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Becky Oct 2nd, 2001 08:42 AM

NYC at Thanksgiving
My sister and I (early 20s) are traveling alone to NYC for our fourth trip to the big apple. We've never been at Thanksgiving. A few questions: <BR>What show should we go see? <BR>Is there anything good to do Thanksgiving Day and Night--anything open? We are frugal and on a lean budget; staying in Brooklyn Heights. Thanks!

Sarah Oct 2nd, 2001 09:03 AM

This is my favorite holiday in NYC, there are no religous connections so the entire city celebrates together. At a time like this I can imagine that it will be an especially warm holiday. <BR> <BR> MY FAVORITE THING and I am 40 so maybe you will disagree is watching them blow up the baloons the night before the parade just around central park. You get much closer than you would at the parade unless you know someone who has a great apartment. What I remember most is fathers holding their children on their heads and all people rich/poor of all religions walking through. Ok I am blabbering but that is my suggestion, I just love the unity of it.

sandy Oct 2nd, 2001 09:20 AM

hi, we were there last year at thanksgiving, and possibly again this year. bring plenty of warm clothes, because when we were there it was very cold. hope u have fun, sorry i wasn't more help. sandy in boston.

Sarah Oct 2nd, 2001 10:41 AM

If you are worried about cold I suggest black stretch ski pants. I wear them through out winter when I want to walk outside all day. Former poster is right it can be very cold on thanksgiving but that is not always the case.

jennier Oct 2nd, 2001 11:11 PM

The Macy's Thanksgiving parade is the way to go! It will be VERY crowded but an experience of a lifetime. Some theater tips: call telecharge for special ticket prices for Les Miserables and Phantom, I hear there are $45 tickets to get Broadway business going again. Also, there is a kiosk where you can get tickets for 1/2 price but only on Wednesdays for Wednesday matinees- get there early! I forget exactly where it is but ask around. Best of luck.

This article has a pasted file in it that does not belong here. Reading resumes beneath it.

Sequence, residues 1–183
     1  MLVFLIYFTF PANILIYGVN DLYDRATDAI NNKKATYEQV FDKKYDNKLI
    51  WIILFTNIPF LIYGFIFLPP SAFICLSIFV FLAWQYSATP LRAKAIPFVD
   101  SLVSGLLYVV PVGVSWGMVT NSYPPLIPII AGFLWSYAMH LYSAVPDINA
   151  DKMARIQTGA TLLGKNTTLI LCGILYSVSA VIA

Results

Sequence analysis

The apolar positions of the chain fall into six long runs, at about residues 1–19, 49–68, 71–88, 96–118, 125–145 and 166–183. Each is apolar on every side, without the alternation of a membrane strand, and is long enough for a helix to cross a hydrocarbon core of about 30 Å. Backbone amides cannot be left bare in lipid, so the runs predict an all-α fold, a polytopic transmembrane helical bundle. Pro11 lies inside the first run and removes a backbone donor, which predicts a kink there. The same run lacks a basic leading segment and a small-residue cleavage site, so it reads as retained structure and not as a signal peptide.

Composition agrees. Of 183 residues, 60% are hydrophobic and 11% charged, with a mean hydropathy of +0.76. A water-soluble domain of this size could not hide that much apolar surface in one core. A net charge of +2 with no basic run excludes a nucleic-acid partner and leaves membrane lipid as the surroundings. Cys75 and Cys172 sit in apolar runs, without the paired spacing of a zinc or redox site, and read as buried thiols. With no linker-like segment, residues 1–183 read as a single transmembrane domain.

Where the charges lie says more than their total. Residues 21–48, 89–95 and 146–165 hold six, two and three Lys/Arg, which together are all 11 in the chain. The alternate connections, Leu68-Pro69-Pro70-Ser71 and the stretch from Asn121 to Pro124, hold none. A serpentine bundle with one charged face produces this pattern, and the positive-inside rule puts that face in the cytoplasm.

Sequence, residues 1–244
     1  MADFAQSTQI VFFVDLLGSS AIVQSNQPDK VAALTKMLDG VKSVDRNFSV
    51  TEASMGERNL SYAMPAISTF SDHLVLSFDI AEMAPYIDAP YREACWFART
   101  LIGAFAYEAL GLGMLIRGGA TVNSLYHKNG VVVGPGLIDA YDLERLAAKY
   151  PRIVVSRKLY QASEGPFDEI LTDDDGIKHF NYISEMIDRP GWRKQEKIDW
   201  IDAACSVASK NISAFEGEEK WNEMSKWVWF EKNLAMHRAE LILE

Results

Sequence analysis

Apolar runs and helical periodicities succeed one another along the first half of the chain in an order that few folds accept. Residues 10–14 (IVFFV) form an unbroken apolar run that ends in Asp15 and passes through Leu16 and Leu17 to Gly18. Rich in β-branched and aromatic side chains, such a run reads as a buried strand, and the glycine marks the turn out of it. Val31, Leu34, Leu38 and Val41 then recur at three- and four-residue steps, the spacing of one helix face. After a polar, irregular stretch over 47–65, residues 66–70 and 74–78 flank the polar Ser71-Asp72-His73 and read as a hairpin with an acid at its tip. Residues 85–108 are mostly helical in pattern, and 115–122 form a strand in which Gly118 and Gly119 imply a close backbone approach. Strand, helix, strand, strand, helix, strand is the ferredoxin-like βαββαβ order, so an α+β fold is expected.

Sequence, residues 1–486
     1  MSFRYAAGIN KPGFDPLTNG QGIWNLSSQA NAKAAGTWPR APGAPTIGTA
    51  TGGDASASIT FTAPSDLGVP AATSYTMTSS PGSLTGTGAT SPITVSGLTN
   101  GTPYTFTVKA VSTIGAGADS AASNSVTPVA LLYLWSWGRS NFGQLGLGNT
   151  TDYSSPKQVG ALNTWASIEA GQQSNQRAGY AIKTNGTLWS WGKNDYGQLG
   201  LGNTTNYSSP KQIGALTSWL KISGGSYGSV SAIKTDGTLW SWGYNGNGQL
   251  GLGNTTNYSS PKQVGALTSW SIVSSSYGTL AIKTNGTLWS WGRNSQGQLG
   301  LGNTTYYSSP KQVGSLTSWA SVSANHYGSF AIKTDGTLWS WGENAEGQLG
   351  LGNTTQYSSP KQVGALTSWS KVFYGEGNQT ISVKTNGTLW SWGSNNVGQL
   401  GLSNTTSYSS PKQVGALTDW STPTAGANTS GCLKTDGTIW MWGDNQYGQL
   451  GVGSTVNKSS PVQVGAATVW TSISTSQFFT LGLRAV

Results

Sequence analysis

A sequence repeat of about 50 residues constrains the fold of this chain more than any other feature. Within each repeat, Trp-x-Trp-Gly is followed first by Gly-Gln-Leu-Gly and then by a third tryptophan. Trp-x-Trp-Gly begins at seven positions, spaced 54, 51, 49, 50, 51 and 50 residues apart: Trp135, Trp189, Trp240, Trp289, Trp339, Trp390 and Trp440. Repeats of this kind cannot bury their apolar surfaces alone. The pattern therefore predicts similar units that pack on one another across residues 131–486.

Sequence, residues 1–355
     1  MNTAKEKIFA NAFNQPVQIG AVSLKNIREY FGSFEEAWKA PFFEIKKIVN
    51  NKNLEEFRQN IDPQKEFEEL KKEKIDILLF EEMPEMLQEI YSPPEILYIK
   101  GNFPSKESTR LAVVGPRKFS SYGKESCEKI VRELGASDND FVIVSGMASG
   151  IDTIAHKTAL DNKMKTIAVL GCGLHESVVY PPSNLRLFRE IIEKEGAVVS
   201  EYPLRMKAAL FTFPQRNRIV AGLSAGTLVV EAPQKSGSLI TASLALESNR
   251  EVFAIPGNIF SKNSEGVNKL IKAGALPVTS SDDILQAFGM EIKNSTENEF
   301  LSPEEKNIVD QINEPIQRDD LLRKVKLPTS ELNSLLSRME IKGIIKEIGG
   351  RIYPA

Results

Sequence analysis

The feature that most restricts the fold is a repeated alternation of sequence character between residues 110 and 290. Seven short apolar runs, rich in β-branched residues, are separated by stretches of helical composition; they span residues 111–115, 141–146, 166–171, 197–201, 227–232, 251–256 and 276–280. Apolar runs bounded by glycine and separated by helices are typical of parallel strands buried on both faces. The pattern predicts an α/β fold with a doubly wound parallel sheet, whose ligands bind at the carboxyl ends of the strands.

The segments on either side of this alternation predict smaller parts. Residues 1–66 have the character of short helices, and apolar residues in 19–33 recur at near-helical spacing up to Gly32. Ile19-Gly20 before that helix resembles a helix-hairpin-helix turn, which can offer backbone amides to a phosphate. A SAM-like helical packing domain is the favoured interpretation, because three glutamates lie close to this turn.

kay Oct 3rd, 2001 06:16 AM

We arrived on Thanksgiving Day a few years ago. We caught the second half of the parade just south of Central Park area--it was very cold and the people who had camped out early were slowly leaving so we were able to stand 3-4 people back and see the floats (couldn't see ground level). Some people had brought small step stools, etc. to stand on. <BR> <BR>We went to the Empire State Building that day (very crowded after the parade). <BR> <BR>We also went to the Radio City Music Hall show (had purchased tickets in advance). <BR> <BR>We spent the evening walking by the store display windows and just enjoying lights and architecture.

Becky Oct 4th, 2001 12:02 PM

Thanks for all the help! But are most restaurants open Thanksgiving evening? Not the expensive ones but the reasonable small places?

Sarah Oct 4th, 2001 03:19 PM

I read in the economist that 70% of NYC is single what do you think. Many of us on a regular basis do not cook. If you have high end restaurants in mind book now. Yes they will be opened probably packed.

Sarah Oct 4th, 2001 03:21 PM

Yes many reasonanble small places too the city that never sleeps does not break for holidays either. You want to get a Zagat's and pick a good inexpensive place we a such an amazing variety of ethnic foods.

Amy Oct 4th, 2001 06:01 PM

Sarah- <BR>I love the suggestion of watching the balloons blown up in Central Park. It sounds like the perfect low-key thing to start the Thanksgiving weekend with our out-of-town guests. Do you have any more details about it? For example, where in Central Park does it happen and about what time? <BR>Thanks! <BR>Amy

Jenn Oct 4th, 2001 07:06 PM

We love eating at Carmines on Thanksgiving Day. It's noisy in a festive New York way. I think it's on 34th street. The food is not bad, the turkey dinner is good if you want turkey, and the prices are great. Make reservations because the place gets packed.

Me Oct 4th, 2001 08:45 PM

Amy- <BR>The balloons are blown up on the street, along Central Park West, not in Central Park. From the official website at <BR> <BR>"See the balloons getting blown up on Wednesday, November 21st from 3-10pm near the American Museum of Natural History (77th St. and Central Park West). Traditionally an evening event, "Balloon Inflation," the coming to life of Macy's giant helium Balloons, will now be open in the afternoon for more family fun!" <BR> <BR>Hope this helps.

Me Oct 4th, 2001 08:50 PM

Becky- <BR>Here's a page from the same site I gave Amy, about the parade balloons. This page lists restaurants that were open for Thanksgiving dinner, in 2000- <BR> <BR>

Janie Oct 5th, 2001 11:00 AM

about 'inflation eve' (as they call the night before the parade)--COME! BUT... <BR> <BR>keep in mind that it can be VERY crowded <BR>(we're talking about walking the perimeter, an area of about 4-6 blocks around the Museum of Natural History, in a barricaded line.) Very civilized, lots of kids, but crowded nonetheless. Also, I think the times mentioned, 3-10 PM seems early. If you go at 3 pm, you'll just see nets with the completely uninflated baloons underneath. 10-pm -midnight seems more like it. <BR>And for anyone who might have the CRAZY idea to come by car, from the suburbs, for example, forget it. Many streets are blocked off, and even if you do find garage parking, they reserve their absolute highest prices of the year for that day (literally--garages in the area have price lists that read Weekdays$xxx <BR>Weekends$xxx Overnight$xxx Night before Thanksgiving $$$$$$$ (with numbers , of course)

xxx Oct 30th, 2001 11:29 AM

to the top, for Mike and Holly

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